The Swiss National Bank no longer accepts Portugese sovereign bonds as collateral and Chris posted earlier on the Bank of England’s position.
The situation at the Fed is that it will accept euro sovereign credit if it is investment grade (i.e. BBB or higher on the S&P scale) with an 8 per cent haircut for securities with a duration of less than five years (and a slightly larger haircut if the duration is longer). Read more
If you want to understand why it is so difficult to solve the eurozone sovereign debt crisis and why pro-euro commentators such as Wolfgang Münchau are so pessimistic, you need do no more than read today’s comments from Otmar Issing, former chief economist of the European Central Bank and highly respected economist in Germany.
It is almost a consensus view in the economic community that the eurozone needs more pooling of sovereign risk if it wants a chance of escaping the current crisis. This view stems both from the observation that the eurozone-wide sovereign debt is lower and more sustainable than that in the US, Japan and the UK and from the fact that a lower interest rate on debt for peripheral eurozone economies could transform their individual sovereign debt problem into a liquidity issue from a fundamental solvency issue.
What does Mr Issing think? Like a good creditor, he wants debtors to suffer more and believes the austerity programmes have been too weak, describing it as “disconcerting” that even Germany now supports looser systems for policing fiscal rules: Read more
In the past, the first European Central Bank meeting of the year was a low-key affair. Although held in the second week of January (rather than the first week as in every other month), the Christmas and New Year holidays meant there was little fresh to say.
This Thursday’s governing council meeting will be different, of course. Since December’s gathering, inflation has risen above the ECB’s target of an annual rate “below but close” to 2 per cent, and the eurozone debt crisis has re-erupted. Read more
Last week, the Swiss National Bank let it be known that it no longer accepted Portuguese sovereign debt as collateral in its open market operations. An official from the SNB said: “Only securities that fulfil stringent requirements with regard to credit rating and liquidity are accepted as collateral by the National Bank”.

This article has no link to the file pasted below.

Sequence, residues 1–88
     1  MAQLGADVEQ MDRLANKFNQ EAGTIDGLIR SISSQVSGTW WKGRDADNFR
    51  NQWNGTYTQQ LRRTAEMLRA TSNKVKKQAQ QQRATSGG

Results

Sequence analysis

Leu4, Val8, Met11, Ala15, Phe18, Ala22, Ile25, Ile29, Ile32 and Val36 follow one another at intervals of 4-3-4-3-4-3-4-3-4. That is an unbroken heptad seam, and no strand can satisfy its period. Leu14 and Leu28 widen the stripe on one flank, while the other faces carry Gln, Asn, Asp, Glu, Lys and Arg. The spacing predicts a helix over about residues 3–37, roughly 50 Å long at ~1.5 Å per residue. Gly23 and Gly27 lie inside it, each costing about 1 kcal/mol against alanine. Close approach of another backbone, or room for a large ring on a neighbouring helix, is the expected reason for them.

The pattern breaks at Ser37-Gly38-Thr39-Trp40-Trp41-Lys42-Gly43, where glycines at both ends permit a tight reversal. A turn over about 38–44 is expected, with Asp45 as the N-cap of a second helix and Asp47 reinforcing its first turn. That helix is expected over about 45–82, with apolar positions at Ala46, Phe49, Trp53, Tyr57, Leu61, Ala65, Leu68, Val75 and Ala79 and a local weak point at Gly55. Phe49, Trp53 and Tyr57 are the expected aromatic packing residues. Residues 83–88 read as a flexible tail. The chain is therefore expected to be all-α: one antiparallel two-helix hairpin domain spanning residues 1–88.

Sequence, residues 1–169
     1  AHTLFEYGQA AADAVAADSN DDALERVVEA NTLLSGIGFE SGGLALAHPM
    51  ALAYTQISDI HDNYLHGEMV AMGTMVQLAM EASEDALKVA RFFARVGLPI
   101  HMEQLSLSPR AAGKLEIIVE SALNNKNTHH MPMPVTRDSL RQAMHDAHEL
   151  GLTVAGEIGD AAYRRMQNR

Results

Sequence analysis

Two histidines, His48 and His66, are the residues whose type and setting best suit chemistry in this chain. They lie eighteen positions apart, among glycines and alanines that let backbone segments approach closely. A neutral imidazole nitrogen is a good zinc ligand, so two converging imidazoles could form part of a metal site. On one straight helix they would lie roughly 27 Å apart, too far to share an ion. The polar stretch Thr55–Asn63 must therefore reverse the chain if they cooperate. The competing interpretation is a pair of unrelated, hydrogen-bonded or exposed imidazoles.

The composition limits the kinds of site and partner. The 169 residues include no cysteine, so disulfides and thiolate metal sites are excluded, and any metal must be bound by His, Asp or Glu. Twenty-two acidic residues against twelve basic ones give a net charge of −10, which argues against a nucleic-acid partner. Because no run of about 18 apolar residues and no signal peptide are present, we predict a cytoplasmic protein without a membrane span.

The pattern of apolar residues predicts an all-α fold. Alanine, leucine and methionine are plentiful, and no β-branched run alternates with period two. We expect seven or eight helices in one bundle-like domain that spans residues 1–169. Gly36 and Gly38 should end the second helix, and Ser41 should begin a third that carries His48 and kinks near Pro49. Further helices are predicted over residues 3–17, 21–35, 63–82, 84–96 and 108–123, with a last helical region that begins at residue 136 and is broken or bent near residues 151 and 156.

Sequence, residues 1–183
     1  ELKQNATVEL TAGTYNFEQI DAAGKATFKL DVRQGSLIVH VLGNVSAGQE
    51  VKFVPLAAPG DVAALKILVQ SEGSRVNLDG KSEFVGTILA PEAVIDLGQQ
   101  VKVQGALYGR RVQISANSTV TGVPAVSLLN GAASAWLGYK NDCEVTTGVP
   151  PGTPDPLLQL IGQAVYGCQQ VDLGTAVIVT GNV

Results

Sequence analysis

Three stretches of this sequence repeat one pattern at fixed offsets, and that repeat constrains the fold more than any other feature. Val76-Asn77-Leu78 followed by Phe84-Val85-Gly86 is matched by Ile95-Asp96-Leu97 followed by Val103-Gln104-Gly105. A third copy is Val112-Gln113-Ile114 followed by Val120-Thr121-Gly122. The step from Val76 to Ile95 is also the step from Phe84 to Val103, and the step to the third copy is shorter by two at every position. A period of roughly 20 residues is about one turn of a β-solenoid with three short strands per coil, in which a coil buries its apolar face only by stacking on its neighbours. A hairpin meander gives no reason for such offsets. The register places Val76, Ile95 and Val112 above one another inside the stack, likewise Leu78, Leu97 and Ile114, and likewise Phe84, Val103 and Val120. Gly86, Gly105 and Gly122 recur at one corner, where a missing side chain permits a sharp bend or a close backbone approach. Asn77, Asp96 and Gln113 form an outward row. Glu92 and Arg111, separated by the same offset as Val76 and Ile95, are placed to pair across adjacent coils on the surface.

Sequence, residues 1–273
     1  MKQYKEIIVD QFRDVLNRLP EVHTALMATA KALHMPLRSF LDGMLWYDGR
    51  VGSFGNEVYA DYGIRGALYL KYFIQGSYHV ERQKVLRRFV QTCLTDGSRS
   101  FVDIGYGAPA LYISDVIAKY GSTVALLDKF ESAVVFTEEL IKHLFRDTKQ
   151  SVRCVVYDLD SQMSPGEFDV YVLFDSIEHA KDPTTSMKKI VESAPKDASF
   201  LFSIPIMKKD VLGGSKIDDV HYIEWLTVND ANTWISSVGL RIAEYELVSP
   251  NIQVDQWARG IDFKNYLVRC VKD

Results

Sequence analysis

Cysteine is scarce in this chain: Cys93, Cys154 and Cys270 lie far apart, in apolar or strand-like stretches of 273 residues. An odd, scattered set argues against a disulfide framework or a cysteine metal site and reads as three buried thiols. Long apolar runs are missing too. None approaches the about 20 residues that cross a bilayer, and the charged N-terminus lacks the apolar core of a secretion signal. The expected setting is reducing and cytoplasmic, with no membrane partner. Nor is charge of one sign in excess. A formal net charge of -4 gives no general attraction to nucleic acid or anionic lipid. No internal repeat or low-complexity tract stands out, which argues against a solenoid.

The Bank of England has almost identical criteria for accepting euro-denominated sovereign bonds in its market operations. They have to be rated Aa3 or higher on the Moody’s scale or higher than that by at least two other ratings agencies and traded in liquid markets.
Portuguese and Irish sovereign bonds fail this test. But the Bank does not apply a mechanical rule and, as its daily collateral list shows, it is still smiling on Portugal and Ireland, but not Greece. In a market notice from the time of the Greek crisis, the Bank asserts its discretion, insisting it “forms its own independent view on collateral it takes in its operations”. Read more
Portuguese and Irish government debt have again been on the ECB’s shopping list – which would appear to exclude Belgian debt, where yields are still rising. Traders report the ECB buying Portuguese and Irish debt, though there might easily be other countries. This suggests the ECB’s bond buys will rise considerably from purchases settled last week – a mere €113m.
Bond yields have been tempering in Portugal, Greece, Ireland and Italy – and also, belatedly, Spain, which bucked the trend yesterday by rising while other yields were falling. This suggests either that markets are less stressed, or that ECB purchases have been large enough and diverse enough to bring bond prices up/yields down through simple supply and demand. Read more
It’s a rate cut, but it’s good news not bad. That’s the message from Sri Lanka’s central bank as it cuts rates to spur growth. The repo rate is cut 25bp to 7 per cent and the reverse repo rate is cut 50bp to 8.5 per cent, both matching record lows seen in 2003. The two changes narrow the rate corridor, making it relatively attractive to borrow, so liquidity will rise.
Inflation in the country since the end of the civil war has been stable and in single digits, with annual average cpi at 5.9 per cent. The Bank says this “above favourable macroeconomic environment” allows room to encourage investment without unduly risking inflation.